UK Employment Law
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Hello, my name is XXXXX XXXXX it is my pleasure to assist you with your question today. What specific queries do you have about your situation?
Hello, my name is XXXXX XXXXX it is my pleasure to assist you with your question today.
Before proceeding please note that as I am a practising solicitor, I am often in and out of meetings, travelling between clients or even at court when I pick your question up. This may even occur at weekends. Therefore, I apologise in advance but there may be a delay in getting back to you and providing my advice. Please be patient and I will respond as soon as I can. You do not have to wait here and you will receive an email when I have responded. For now please let me know what you hope to achieve
I would like to know how to proceed with my employer, I am happy to take redundancy, although they are saying I am not redundant
The Employment Rights Act 1996 defines a redundancy situation as falling within one of the following circumstances:
So if your job relocates or ceases to exist, it will be a redundancy situation, even if the employer does not believe it is.
When a redundancy situation arises, an employer has a duty to consider and offer the affected employees any suitable alternative employment (“SAE”) that may exist at the time. The objective is to keep the employee in employment rather than make them redundant.
If an employee accepts an offer of SAE, their employment will continue in the new position and they would lose their entitlement to a redundancy payment.
If the offer is considered unsuitable and the employee refuses it, they will still keep their entitlement to redundancy pay. However, if an offer of SAE has been made and the employee unreasonably refuses it, they would lose their entitlement to redundancy pay.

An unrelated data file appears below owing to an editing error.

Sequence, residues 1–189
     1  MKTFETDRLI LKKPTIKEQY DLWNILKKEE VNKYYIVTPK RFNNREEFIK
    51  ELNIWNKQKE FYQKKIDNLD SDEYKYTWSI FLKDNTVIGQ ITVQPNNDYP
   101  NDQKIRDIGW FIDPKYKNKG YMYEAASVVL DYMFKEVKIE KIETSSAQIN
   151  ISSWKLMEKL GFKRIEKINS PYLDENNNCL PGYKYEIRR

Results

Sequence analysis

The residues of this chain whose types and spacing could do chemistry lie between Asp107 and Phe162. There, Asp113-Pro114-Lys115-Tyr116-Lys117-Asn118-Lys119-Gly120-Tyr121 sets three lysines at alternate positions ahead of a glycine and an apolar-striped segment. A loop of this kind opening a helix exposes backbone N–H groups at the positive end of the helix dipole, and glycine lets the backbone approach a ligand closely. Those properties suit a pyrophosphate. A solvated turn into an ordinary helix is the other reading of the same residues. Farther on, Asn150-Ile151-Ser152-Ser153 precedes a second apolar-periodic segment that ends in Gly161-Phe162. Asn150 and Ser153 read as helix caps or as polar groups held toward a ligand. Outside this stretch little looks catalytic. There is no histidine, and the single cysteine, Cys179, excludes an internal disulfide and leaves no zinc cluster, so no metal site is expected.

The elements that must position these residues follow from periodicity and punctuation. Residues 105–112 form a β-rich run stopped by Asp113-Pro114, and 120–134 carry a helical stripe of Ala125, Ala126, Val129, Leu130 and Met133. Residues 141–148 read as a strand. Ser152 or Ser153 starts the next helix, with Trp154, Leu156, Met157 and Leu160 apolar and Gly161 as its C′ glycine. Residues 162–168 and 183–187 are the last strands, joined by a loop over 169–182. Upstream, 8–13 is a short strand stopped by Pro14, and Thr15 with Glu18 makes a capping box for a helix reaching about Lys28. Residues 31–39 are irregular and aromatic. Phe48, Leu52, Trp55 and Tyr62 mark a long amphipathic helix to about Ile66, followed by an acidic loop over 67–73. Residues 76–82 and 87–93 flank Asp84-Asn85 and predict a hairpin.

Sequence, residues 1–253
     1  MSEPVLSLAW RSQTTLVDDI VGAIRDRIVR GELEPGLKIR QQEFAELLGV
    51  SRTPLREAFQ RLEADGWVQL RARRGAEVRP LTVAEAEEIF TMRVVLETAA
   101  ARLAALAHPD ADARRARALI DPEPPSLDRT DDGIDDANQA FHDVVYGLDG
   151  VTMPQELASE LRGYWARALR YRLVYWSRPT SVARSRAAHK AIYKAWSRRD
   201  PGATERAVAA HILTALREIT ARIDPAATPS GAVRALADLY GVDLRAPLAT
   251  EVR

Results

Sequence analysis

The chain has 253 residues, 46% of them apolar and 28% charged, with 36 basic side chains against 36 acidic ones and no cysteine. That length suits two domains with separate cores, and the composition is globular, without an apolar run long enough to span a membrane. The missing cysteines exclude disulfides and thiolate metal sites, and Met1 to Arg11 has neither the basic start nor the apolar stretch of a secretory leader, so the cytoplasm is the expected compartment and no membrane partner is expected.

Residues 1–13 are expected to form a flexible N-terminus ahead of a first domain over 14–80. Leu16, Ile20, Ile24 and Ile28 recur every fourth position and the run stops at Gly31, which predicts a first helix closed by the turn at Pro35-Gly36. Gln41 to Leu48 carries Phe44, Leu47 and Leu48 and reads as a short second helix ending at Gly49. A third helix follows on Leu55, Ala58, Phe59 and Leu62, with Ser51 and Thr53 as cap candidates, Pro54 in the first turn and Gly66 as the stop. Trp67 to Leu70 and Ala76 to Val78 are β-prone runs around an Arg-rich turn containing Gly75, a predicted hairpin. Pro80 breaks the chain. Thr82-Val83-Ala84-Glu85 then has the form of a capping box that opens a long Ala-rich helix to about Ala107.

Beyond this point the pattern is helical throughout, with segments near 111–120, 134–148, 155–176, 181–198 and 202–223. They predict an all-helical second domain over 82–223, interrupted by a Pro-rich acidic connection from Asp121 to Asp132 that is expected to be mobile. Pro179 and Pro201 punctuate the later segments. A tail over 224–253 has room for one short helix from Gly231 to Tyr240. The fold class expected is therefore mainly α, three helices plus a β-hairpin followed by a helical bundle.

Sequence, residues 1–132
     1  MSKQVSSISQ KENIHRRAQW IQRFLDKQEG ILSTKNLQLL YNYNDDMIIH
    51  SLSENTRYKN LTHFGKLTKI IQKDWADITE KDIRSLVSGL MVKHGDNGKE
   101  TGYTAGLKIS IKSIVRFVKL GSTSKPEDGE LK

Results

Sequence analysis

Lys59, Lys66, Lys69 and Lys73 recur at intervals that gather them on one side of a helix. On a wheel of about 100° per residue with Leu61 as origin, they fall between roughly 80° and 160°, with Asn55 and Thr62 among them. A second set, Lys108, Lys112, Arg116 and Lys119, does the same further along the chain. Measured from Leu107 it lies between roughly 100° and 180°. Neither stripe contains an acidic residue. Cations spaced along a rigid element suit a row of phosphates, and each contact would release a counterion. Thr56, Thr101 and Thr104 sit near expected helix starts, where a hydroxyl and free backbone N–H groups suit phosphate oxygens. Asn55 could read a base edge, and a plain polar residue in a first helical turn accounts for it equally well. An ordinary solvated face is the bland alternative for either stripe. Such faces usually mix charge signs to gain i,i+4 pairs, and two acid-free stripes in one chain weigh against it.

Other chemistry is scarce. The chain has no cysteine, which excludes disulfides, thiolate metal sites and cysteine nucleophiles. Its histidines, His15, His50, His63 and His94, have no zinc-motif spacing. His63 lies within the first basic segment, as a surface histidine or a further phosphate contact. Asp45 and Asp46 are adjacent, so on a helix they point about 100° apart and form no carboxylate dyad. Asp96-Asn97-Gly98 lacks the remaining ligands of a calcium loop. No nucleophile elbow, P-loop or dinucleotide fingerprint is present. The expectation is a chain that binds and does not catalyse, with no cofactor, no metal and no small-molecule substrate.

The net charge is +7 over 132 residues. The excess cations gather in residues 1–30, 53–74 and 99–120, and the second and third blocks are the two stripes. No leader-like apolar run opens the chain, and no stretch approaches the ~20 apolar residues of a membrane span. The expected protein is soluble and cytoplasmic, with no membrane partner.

The factors that would usually make an offer unsuitable or a refusal reasonable are as follows:
If the employer makes an offer of alternative employment, where the terms and conditions differ from their current ones, the employee has the right to a 4-week trial period in that job, which can be extended by mutual consent. If during or immediately after the trial period they decide against taking the job then they should tell their employer straight away. This will not affect their employment rights, including their right to receive statutory redundancy pay.
In summary, there are a number of factors, as explained above, which would make an alternative offer unsuitable, in which case it can be rejected and the employee's redundancy rights would remain unaffected.
Would there be a time limit between when my current post finishes and the new one starts
well to fall within the definition of SAE, the new post has to be offered before your current employment finishes and would usually start straight away
yes you have confirmed all my suspicions. I told my employer exactly what the legal advice was that I had received early and they said it wasn't relevant so not sure where to go from here
whilst you have a position in law and certain rights, an employer can bury their head in the sand and ignore these - I have seen it many times in the past. To take this further you have the following options:1. You can raise a formal grievance and prompt them to deal with this officially and provide you with a formal outcome2. If there is still a stalemate then unfortunately it does mean you have to take the drastic step of resigning and considering a claim for constructive dismissal which would also include claim for redundancy pay
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